Going to university or completing some form of post-school qualification is almost a given these days, but every plan needs to be considered carefully. University is not an ‘easy’ decision, it’s not an excuse to just follow in your friends’ or sibling’s footsteps, so put some serious thought into university before you say yes. Things you might like to ask yourself include:
1. Why do I want to study?
The most important consideration for university is why do you want to go? Are you looking to give yourself the best shot you can at building a great career? Or are you feeling pressure from others? Is a degree a necessity for your preferred career, or just a bonus? Think carefully about your motivation and it will guide you to finding the right course.
2. What are my career goals?
If you’re lucky enough to know what you want to do with your future, you should have a good understanding of the qualifications that align with your desired career goals
. If not, do your research. Analyse the job listings and see what employers of your dream job are looking for. Is there a particular degree that they require, or could certain responsibilities be paired with other qualifications? Make a list of the preferred-candidate requirements and see how they compare with course descriptions.
3. What are the prerequisites?
Once you know what courses are of interest to you, you’ll need to check the course prerequisites. Certain courses require minimum entry requirements, such as a previous qualification, proven experience, or high ATAR scores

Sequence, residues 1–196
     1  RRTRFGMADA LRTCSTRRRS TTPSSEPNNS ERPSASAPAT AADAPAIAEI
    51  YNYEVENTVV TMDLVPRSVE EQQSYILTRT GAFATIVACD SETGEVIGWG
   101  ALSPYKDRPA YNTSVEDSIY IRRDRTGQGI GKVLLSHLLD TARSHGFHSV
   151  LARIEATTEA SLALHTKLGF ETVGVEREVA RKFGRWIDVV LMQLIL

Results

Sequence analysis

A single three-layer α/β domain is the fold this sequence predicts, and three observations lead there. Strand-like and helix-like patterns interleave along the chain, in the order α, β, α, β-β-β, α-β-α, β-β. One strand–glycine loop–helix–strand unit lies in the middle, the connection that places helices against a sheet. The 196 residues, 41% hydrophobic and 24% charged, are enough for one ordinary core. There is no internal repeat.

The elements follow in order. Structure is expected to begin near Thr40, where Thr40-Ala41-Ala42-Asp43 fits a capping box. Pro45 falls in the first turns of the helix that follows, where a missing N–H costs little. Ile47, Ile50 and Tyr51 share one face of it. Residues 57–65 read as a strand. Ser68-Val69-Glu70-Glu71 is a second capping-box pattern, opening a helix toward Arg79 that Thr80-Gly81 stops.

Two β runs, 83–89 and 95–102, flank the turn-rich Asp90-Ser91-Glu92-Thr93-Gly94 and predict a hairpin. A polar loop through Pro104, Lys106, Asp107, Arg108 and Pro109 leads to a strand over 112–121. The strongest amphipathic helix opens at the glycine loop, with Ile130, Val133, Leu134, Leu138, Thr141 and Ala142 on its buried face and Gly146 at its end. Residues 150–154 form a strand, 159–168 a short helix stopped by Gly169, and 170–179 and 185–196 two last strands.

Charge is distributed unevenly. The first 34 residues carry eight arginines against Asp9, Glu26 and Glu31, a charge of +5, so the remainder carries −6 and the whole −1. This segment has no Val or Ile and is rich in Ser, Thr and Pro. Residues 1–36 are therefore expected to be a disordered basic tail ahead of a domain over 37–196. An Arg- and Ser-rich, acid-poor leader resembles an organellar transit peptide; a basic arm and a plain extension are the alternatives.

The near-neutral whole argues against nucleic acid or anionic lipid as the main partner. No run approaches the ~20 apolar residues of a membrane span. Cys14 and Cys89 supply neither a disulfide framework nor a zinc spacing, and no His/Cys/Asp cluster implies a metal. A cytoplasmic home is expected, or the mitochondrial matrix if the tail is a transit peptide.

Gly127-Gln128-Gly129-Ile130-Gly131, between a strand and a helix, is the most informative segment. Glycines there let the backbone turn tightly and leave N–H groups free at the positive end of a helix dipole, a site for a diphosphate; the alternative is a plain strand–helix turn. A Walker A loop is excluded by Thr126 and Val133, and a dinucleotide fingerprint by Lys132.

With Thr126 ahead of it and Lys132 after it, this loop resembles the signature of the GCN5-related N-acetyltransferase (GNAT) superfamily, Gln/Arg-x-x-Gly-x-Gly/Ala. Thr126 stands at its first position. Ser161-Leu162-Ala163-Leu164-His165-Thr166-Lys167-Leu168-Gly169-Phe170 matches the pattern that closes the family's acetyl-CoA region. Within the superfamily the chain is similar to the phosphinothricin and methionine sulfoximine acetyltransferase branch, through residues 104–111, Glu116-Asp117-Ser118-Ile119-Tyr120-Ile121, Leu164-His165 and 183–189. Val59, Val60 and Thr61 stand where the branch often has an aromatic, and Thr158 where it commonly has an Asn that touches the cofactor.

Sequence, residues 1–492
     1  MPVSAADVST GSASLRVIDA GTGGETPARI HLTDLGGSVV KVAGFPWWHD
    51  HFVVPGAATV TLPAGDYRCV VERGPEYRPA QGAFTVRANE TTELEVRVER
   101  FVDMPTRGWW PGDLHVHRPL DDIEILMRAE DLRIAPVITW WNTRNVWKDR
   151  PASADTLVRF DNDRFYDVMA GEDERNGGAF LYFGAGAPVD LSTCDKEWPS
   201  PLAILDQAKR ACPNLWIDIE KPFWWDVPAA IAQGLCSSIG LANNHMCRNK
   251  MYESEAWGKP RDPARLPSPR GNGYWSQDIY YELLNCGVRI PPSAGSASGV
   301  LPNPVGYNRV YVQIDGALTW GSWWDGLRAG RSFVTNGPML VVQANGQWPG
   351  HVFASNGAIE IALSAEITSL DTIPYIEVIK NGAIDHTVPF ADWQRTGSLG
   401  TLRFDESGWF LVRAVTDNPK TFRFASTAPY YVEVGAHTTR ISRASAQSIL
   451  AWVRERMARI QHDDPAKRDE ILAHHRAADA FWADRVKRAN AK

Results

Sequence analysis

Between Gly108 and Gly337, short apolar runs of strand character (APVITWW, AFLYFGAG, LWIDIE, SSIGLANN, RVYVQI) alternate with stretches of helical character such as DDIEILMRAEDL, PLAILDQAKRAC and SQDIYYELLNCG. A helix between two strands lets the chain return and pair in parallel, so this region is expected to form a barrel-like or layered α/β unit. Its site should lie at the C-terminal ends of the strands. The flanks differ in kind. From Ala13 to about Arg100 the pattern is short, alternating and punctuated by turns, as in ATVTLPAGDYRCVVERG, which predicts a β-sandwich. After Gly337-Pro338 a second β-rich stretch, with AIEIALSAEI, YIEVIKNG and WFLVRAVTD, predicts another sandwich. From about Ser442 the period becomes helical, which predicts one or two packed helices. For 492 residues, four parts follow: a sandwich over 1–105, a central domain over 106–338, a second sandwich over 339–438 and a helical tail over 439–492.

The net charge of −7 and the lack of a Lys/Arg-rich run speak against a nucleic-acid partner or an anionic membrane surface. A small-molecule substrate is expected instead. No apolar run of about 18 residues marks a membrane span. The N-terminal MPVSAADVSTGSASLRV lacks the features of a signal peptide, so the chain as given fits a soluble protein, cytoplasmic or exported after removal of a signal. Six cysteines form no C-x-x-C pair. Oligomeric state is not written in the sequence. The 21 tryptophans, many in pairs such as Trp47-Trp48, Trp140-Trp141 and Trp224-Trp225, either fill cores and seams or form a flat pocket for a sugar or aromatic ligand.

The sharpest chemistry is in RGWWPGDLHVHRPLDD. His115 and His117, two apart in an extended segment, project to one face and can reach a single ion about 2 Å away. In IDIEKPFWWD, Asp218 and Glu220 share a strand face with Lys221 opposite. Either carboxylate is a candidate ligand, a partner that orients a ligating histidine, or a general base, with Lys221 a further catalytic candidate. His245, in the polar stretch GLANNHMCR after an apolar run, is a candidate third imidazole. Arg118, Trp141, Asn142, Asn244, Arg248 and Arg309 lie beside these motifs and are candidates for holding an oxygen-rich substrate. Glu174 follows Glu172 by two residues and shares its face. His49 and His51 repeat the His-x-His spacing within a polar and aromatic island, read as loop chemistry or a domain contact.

. If you don’t meet the prerequisites, don’t write a course off just yet. There are alternate ways to access your preferred course, from changing the institution to enrolling in a more generalised course, incorporating specialised units and then applying for a transfer or doing a bridging course to cover the requirements you’re missing.
4. What do prerequisites mean?
Tough prerequisites can make a course feel exclusive or superior. But this is not always the case. Prerequisites often come into play because of course demand, therefore they’re not always a reflection of quality. Try to look at entry requirements as a function of the number of places available and the number of students who want to do the degree, not a level of prestige. Be open to even the most casual-sounding courses, so long as they align with your goals. The same goes for university ranking.
5. Where do I want to study?
Whether it be for an entire course or just for exchange, having a university experience away from your hometown can be indispensable. But where do you go? University today means destinations almost anywhere
, and so much choice makes your decision a tough one. Factors that might influence your decision include cost of living, cost of course, language barrier, and how easy it is to get home to visit the family when you miss them.
It’s also important to consider the reputation of the university when choosing a course. The name of the university you attend will be on your resume forever, so you’ll want it to help you stand out when applying for jobs.